My favorite strings are Elixers. They have a polyweb coating on them which helps to lengthen their life-span, and also produces a slightly richer tone, in my opinion. If you have a high end guitar (say a hand built one from a reputable luthier), then you shouldn't skimp on stings. Strings are cheap...change them as often as you feel like. My guage is usually how they sound, not how they look. I hate dull sounding stings. Playing is so much more enjoyable when you get the best sound possible.
Link Posted: 8/7/2005 2:04:01 PM EDT
Wipe the steel or bronze strings down with a tiny dab of Flitz or Brasso
and a rag.
They will last longer.
Link Posted: 8/7/2005 2:08:20 PM EDT
Back when I played a lot, and played in a band, I'd change strings about every month, if not sooner. When you develop your ear, you can really tell a difference in the tone between old and new. When you get even better, you'll hear when the strings start sounding old. They'll also become tarnished and dull looking (you should wipe down your strings when you're done playing, helps them last a little longer).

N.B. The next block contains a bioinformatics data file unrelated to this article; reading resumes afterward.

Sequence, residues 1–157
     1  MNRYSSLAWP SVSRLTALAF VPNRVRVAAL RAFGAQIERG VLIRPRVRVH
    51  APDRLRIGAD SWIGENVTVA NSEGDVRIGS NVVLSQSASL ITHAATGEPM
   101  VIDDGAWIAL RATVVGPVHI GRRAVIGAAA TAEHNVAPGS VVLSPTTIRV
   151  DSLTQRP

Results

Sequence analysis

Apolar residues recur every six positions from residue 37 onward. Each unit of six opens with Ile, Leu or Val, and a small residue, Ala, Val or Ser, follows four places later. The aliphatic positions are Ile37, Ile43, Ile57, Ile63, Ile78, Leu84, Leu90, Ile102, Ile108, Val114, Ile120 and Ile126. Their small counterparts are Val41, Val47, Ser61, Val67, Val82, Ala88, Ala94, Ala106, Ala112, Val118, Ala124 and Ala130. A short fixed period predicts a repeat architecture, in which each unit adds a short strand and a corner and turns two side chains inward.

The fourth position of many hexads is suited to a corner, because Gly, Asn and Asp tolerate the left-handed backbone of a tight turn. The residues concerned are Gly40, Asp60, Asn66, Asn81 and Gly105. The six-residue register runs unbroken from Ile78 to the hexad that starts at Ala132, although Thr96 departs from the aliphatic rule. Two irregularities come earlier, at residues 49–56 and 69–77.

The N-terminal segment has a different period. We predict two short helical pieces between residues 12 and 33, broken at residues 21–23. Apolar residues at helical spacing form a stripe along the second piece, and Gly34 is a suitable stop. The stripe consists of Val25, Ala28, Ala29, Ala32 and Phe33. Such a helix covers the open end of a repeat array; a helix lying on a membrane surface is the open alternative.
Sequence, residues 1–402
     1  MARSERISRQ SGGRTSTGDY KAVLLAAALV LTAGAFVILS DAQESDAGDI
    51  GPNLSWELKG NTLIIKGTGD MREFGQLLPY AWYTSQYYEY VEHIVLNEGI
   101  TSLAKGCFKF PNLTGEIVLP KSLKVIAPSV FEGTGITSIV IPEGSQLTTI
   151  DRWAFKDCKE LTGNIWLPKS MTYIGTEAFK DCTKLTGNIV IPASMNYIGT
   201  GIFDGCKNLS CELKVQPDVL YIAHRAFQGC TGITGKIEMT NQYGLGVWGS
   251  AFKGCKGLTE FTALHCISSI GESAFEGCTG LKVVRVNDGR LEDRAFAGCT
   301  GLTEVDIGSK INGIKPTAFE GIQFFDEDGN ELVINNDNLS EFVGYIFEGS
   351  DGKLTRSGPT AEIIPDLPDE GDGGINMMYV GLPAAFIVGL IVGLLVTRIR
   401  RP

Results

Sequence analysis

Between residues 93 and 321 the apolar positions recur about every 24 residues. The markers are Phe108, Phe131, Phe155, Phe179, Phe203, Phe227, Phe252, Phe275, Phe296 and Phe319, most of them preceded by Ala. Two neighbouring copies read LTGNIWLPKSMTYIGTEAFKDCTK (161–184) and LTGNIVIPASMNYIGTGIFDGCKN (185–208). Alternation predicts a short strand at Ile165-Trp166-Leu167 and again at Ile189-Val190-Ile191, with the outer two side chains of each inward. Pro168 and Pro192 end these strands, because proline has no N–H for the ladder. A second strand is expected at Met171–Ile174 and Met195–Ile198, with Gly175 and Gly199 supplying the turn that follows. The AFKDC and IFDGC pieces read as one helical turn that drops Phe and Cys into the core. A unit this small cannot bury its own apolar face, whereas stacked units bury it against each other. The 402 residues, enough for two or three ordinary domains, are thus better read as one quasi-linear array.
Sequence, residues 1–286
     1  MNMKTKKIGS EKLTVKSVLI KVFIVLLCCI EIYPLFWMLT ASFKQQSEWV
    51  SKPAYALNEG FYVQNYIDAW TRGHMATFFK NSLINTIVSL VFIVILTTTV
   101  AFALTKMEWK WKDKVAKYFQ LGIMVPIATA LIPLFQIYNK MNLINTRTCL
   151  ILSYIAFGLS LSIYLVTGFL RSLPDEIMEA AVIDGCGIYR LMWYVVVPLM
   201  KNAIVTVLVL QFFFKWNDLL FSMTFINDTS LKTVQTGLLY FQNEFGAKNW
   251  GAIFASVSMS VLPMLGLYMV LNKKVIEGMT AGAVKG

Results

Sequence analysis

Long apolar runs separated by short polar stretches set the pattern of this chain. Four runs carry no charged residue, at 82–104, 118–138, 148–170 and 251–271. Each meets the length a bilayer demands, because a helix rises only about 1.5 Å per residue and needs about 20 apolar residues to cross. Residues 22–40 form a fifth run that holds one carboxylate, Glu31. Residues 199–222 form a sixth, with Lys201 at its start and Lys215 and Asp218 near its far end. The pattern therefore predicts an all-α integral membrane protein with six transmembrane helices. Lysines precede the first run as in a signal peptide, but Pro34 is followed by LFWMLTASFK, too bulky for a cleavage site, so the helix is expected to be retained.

Aside from that, since I don't play much anymore, my acoustic has had the same strings on it for about 2 years. They don't sound good, but they still work.
Link Posted: 8/7/2005 2:11:08 PM EDT

Originally Posted By PBIR: (or when I pop an E string trying to play some SRV run).



I hate it when that happens... :P

I've never yet heard of ANYONE who plays anywhere near SRV with .012s. I'd use .009s on my Strats and .010s on my LP copy, and that's about as heavy as I'd go!
Link Posted: 8/7/2005 2:19:16 PM EDT
[Last Edit: 8/7/2005 2:20:36 PM EDT by Daytona955i]
Good acoustic strings? If you have money, get some Elixers or Dean Markley's Blue Steels, Phospher bronze, I like the 10 set, I think those are mediums.